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Multiple hypothesis testing and multiple outlier identification methods



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Traditional multiple hypothesis testing procedures, such as that of Benjamini and Hochberg, fix an error rate and determine the corresponding rejection region. In 2002 Storey proposed a fixed rejection region procedure and showed numerically that it can gain more power than the fixed error rate procedure of Benjamini and Hochberg while controlling the same false discovery rate (FDR). In this thesis it is proved that when the number of alternatives is small compared to the total number of hypotheses, Storey’s method can be less powerful than that of Benjamini and Hochberg. Moreover, the two procedures are compared by setting them to produce the same FDR. The difference in power between Storey’s procedure and that of Benjamini and Hochberg is near zero when the distance between the null and alternative distributions is large, but Benjamini and Hochberg’s procedure becomes more powerful as the distance decreases. It is shown that modifying the Benjamini and Hochberg procedure to incorporate an estimate of the proportion of true null hypotheses as proposed by Black gives a procedure with superior power. Multiple hypothesis testing can also be applied to regression diagnostics. In this thesis, a Bayesian method is proposed to test multiple hypotheses, of which the i-th null and alternative hypotheses are that the i-th observation is not an outlier versus it is, for i=1,...,m. In the proposed Bayesian model, it is assumed that outliers have a mean shift, where the proportion of outliers and the mean shift respectively follow a Beta prior distribution and a normal prior distribution. It is proved in the thesis that for the proposed model, when there exists more than one outlier, the marginal distributions of the deletion residual of the i-th observation under both null and alternative hypotheses are doubly noncentral t distributions. The “outlyingness” of the i-th observation is measured by the marginal posterior probability that the i-th observation is an outlier given its deletion residual. An importance sampling method is proposed to calculate this probability. This method requires the computation of the density of the doubly noncentral F distribution and this is approximated using Patnaik’s approximation. An algorithm is proposed in this thesis to examine the accuracy of Patnaik’s approximation. The comparison of this algorithm’s output with Patnaik’s approximation shows that the latter can save massive computation time without losing much accuracy. The proposed Bayesian multiple outlier identification procedure is applied to some simulated data sets. Various simulation and prior parameters are used to study the sensitivity of the posteriors to the priors. The area under the ROC curves (AUC) is calculated for each combination of parameters. A factorial design analysis on AUC is carried out by choosing various simulation and prior parameters as factors. The resulting AUC values are high for various selected parameters, indicating that the proposed method can identify the majority of outliers within tolerable errors. The results of the factorial design show that the priors do not have much effect on the marginal posterior probability as long as the sample size is not too small. In this thesis, the proposed Bayesian procedure is also applied to a real data set obtained by Kanduc et al. in 2008. The proteomes of thirty viruses examined by Kanduc et al. are found to share a high number of pentapeptide overlaps to the human proteome. In a linear regression analysis of the level of viral overlaps to the human proteome and the length of viral proteome, it is reported by Kanduc et al. that among the thirty viruses, human T-lymphotropic virus 1, Rubella virus, and hepatitis C virus, present relatively higher levels of overlaps with the human proteome than the predicted level of overlaps. The results obtained using the proposed procedure indicate that the four viruses with extremely large sizes (Human herpesvirus 4, Human herpesvirus 6, Variola virus, and Human herpesvirus 5) are more likely to be the outliers than the three reported viruses. The results with thefour extreme viruses deleted confirm the claim of Kanduc et al.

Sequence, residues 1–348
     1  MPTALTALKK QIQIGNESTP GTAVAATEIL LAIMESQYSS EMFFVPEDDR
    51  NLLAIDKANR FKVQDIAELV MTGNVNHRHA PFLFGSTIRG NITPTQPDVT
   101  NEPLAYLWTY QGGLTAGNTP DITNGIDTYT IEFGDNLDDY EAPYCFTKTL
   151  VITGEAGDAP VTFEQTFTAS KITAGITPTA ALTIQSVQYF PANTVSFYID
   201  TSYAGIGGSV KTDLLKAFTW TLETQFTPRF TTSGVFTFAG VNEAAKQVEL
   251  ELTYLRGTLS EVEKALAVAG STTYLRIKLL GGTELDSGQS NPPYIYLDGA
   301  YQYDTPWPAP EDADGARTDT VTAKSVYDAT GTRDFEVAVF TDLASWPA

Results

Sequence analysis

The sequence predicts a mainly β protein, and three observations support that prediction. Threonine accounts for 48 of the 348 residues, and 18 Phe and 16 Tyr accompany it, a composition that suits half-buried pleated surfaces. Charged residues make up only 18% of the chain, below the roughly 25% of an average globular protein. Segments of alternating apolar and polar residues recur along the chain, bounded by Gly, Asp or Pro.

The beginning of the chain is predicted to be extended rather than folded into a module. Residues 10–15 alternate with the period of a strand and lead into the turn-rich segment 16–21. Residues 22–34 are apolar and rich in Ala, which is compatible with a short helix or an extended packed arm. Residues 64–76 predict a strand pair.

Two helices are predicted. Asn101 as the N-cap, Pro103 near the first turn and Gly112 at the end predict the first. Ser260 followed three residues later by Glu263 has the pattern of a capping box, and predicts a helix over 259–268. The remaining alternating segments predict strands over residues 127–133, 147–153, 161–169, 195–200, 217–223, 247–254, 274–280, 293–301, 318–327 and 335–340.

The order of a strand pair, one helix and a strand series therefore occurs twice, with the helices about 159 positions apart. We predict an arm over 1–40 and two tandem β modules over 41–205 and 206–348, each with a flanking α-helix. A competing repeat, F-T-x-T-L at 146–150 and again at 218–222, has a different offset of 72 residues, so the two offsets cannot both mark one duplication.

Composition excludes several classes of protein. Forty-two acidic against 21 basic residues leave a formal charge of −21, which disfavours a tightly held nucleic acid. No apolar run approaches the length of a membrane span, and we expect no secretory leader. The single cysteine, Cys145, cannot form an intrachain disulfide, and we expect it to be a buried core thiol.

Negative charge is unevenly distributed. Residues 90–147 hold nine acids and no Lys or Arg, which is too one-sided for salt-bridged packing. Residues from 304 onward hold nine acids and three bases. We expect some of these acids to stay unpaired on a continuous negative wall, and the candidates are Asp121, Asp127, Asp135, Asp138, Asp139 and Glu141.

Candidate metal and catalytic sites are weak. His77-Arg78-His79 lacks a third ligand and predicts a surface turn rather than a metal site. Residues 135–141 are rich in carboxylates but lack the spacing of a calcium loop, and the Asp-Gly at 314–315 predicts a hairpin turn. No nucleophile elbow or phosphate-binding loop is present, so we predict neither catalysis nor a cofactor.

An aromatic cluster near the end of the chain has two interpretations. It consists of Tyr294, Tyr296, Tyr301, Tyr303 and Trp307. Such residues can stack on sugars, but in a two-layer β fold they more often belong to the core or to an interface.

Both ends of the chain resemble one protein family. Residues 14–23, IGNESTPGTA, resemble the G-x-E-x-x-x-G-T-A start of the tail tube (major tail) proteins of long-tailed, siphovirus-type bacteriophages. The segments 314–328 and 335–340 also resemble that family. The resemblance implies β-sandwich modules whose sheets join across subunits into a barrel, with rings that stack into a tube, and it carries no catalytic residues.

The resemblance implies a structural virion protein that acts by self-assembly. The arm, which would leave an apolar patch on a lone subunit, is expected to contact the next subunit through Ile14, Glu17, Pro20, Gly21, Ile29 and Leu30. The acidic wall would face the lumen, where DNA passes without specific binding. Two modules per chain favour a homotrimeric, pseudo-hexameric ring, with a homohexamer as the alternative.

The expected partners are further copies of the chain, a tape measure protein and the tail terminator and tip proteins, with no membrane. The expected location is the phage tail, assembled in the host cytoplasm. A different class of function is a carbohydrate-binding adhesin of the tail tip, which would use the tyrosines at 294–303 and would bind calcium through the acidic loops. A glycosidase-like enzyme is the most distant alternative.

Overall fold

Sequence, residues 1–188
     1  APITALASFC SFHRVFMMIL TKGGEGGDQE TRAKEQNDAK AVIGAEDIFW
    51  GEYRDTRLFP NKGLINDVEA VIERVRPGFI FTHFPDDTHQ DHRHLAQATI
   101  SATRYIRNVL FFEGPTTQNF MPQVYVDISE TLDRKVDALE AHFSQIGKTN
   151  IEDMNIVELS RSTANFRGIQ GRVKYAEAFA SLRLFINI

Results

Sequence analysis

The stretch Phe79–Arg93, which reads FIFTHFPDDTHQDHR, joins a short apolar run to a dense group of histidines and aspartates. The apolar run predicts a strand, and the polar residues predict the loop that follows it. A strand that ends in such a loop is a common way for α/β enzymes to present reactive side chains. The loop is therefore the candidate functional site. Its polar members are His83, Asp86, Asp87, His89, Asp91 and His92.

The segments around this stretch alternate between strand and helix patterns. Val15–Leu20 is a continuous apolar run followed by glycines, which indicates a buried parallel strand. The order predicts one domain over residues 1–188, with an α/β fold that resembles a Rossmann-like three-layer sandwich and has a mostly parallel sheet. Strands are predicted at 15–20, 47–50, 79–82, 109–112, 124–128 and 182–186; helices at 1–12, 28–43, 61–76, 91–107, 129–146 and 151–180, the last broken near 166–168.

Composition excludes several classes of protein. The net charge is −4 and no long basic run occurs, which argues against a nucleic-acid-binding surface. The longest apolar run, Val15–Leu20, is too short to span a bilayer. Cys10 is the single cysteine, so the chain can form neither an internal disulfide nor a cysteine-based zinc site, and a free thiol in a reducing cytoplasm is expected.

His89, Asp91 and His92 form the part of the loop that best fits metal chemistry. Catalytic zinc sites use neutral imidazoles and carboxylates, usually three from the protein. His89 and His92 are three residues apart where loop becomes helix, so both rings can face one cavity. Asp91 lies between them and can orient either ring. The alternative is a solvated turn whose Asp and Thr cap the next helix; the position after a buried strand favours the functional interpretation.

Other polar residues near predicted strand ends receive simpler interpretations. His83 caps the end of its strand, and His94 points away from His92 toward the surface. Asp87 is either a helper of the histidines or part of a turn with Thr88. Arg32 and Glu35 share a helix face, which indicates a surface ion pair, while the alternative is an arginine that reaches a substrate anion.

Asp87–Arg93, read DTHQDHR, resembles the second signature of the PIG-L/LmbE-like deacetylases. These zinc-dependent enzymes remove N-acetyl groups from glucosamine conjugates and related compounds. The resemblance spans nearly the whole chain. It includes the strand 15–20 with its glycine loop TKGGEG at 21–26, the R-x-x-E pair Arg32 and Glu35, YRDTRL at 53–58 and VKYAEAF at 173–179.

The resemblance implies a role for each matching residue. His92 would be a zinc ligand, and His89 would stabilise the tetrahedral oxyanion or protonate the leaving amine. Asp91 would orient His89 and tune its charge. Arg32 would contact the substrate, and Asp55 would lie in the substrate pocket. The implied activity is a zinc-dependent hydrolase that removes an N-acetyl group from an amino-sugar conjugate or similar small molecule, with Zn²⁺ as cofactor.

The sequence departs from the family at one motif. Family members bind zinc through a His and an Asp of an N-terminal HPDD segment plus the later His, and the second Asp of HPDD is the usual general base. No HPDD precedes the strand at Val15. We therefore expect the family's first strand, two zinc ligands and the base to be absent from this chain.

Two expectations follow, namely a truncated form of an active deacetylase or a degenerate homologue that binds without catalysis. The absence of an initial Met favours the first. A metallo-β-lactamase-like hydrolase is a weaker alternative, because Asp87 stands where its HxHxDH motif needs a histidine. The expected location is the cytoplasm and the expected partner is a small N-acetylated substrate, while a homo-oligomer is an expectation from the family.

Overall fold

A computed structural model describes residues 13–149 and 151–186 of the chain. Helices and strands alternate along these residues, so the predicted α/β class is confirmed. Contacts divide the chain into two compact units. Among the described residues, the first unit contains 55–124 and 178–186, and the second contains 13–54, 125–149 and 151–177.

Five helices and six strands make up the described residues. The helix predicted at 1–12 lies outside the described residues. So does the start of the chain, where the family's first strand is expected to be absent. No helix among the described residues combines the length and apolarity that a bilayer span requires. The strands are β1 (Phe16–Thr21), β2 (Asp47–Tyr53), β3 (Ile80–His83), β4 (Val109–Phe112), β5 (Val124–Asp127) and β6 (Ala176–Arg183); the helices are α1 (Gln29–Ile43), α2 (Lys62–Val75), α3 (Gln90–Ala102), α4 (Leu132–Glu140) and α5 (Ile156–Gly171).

mean shift, noncentrality parameter, area under ROC curve, receiver operating characteristic, false discovery rate, microarray, doubly noncentral t distribution, pentapeptide, amino acid sequence similarity



Doctor of Philosophy (Ph.D.)


Mathematics and Statistics


Mathematics and Statistics


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